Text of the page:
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Professional carers' knowledge and response to depression among their aged-care clients : the care recipients' perspective

journal contribution
posted on 01.05.2008, 00:00 authored by David MellorDavid Mellor, Tanya Davison, M McCabe, K George
Depression is an under-diagnosed disorder among the elderly, even in those who are in receipt of aged-care services. One factor associated with this under diagnosis has been identified as a reluctance amongst the elderly to discuss their mood and emotions with their medical practitioners. The current study focused on why depression is not recognised and acted on by those providing residential or home-based care to older people. We interviewed 15 elderly people residing in high-level or low-level aged-care facilities, and three elderly people who were receiving personal care in their homes. All participants had been identified by their care agencies as depressed. Participants reported their perceptions of their personal carers' knowledge and practices in managing the residents' depression. Although the participants described their carers in positive terms, they were critical of their knowledge and skills in recognising depression, and indicated that the communication between personal carers and care recipients about depressive symptomatology was seriously flawed. Training for personal carers in these areas, and efforts to change organisational culture are recommended.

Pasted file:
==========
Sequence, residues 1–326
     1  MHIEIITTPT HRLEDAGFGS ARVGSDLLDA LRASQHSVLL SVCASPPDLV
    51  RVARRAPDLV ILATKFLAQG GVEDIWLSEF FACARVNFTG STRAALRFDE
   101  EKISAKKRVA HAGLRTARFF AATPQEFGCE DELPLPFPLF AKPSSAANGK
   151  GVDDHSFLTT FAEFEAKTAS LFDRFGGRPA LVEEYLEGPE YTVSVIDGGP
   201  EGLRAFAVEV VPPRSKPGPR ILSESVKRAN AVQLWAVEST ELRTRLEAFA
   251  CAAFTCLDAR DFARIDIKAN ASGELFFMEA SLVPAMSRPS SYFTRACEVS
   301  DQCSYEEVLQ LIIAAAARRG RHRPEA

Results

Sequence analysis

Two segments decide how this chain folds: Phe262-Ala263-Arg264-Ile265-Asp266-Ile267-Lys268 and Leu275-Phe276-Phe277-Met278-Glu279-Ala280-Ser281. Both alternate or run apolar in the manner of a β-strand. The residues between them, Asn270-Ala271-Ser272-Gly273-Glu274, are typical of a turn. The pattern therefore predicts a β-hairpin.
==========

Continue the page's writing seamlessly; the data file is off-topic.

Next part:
History

Journal

Aging & mental health

Volume

12

Issue

3

Pagination

389 - 399

Publisher

Routledge

Location

London, England

ISSN

1360-7863

eISSN

1364-6915

Language

eng

Publication classification

C1 Refereed article in a scholarly journal

Copyright notice

2008, Taylor & Francis